Keep Tahoe Blue shares results of science, innovation projects
SOUTH LAKE TAHOE, Calif. – With snow piling up to historic levels in the Lake Tahoe Basin, summer is a distant thought for residents and visitors. The League to Save Lake Tahoe, an environmental advocacy and action organization dedicated to Keep Tahoe Blue, is already planning ahead to protect the Lake once the snow melts.
This week, the nonprofit released the results of two pioneering projects: one that uses a beach-cleaning robot to remove trash hidden in the sand, and another designed to measure the 2021 Caldor Fire’s impacts on the Tahoe ecosystem. The projects’ findings are shared through interactive StoryMaps, where users are free to explore graphs, maps, videos and images.
With this data at their fingertips, the League and natural resource managers can do things like identify sites in need of restoration after wildfire, or design litter prevention efforts to target widespread plastic trash buried in beach sand. The StoryMaps are featured on the League’s website, keeptahoeblue.org. The public is encouraged to have a look.
“Science is the League’s true north. It guides everything we do to Keep Tahoe Blue,” said Laura Patten, senior science policy analyst for the League. “Our programs are designed to solve Tahoe’s problems, and to contribute new scientific data. StoryMaps are a great way to share what we’ve learned so it can be used for conservation.”
One of the StoryMaps highlights a League program created to monitor the effects of the Caldor Fire using citizen science. In the summer of 2021, the wildfire scorched 10,000 acres of hillsides in the Tahoe Basin, burning trees and even their root systems. The League’s science experts knew that without plant roots to keep the slopes stable, there was a high likelihood that storms would wash these loose soils into rivers and streams that feed the Lake, harming water quality and possibly encouraging algae to grow.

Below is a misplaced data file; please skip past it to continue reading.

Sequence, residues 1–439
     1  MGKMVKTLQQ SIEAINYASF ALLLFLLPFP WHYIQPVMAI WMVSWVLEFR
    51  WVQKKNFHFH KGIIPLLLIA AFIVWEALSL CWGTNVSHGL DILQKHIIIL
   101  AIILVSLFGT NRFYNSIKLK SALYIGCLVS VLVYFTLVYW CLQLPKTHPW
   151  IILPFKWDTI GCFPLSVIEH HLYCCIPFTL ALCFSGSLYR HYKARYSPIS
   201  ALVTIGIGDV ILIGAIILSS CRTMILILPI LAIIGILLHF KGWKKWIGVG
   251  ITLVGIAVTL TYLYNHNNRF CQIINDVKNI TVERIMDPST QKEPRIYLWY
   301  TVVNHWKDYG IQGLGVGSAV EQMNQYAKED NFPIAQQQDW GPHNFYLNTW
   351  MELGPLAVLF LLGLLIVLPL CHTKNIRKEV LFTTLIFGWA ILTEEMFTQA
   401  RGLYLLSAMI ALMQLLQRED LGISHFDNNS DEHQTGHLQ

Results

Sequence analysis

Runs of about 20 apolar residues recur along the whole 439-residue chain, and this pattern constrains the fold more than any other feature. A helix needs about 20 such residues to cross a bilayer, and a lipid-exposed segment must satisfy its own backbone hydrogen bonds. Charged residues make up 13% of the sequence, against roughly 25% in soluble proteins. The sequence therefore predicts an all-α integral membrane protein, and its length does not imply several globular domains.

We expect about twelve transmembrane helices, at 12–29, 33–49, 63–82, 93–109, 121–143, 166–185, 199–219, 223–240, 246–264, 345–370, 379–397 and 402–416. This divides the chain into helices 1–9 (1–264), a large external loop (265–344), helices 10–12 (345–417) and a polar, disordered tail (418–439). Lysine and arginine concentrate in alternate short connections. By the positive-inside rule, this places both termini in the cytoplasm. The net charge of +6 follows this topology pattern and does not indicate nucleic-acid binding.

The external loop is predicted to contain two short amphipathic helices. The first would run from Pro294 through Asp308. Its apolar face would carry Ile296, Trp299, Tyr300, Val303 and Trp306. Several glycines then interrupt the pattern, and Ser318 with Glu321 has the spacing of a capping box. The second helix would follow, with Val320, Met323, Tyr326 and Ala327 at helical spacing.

Because Caldor was a unique wildfire in many ways, it was important to measure how it impacted Lake Tahoe in the short and long term. With this valuable information, forest managers can be better prepared for the next, climate change-driven wildfire. The data gathered by volunteer citizen scientists also helped identify areas in need of restoration, which were the focus of the League’s Tahoe Forest Stewardship Days events in 2022. The StoryMap for this project is available at keeptahoeblue.org/caldor.
“In 2021, the Caldor Fire hit us physically and emotionally. We also feared that this would impact our Lake and surroundings. So when the program was launched, I signed up for the training along with many others” said Valerie Castejon, volunteer in the Caldor Fire citizen science program. “It has been a wonderful experience, not only to be part of this community of staff and volunteers, but to learn about scientific measurements, what is important to analyze and the data that are collected. And it’s a pleasure to do the tests on a beautiful morning by the Lake, knowing you are doing your part.”
The League’s other project focused on testing an innovative, technology-driven solution to combat beach trash. In collaboration with ECO-CLEAN Solutions, the League brought an electric, beach-cleaning robot to the Basin in 2022. The BEBOT is the first technology of its kind to be used anywhere on the West Coast. The goal of the pilot project was to determine how effective the robot would be at removing tiny pieces of trash buried in beach sand before they washed into Lake Tahoe. This type of litter is difficult to detect and remove by hand.
“We were honored to partner with the League to Save Lake Tahoe in 2022 to bring this technology to the shores of the Tahoe Basin,” said JT Chevallier, co-founder of ECO-CLEAN Solutions. “The League embodies the mission of sustainability and stewardship, and their support was paramount to our success. ECO-CLEAN Solutions is excited to expand our partnership in 2023 and build on our shared mission to Keep Tahoe Blue and beautiful!”
Throughout the past summer, the BEBOT was deployed at 11 sites around the Lake and proved effective at finding and removing litter buried in the sand that people could not. Based on this initial success, the League and ECO-CLEAN are working with land managers and business owners to expand the program this year and have the BEBOT clean entire beaches on a regular basis. The StoryMap for this project can be found at keeptahoeblue.org/bebot.
Science and innovation lie at the heart of the League’s work to protect Lake Tahoe. By sharing their work with the public, the League is raising awareness of the threats facing the Lake and ways to solve those challenges, so anyone can play a part in keeping Tahoe blue.
Source: League to Save Lake Tahoe
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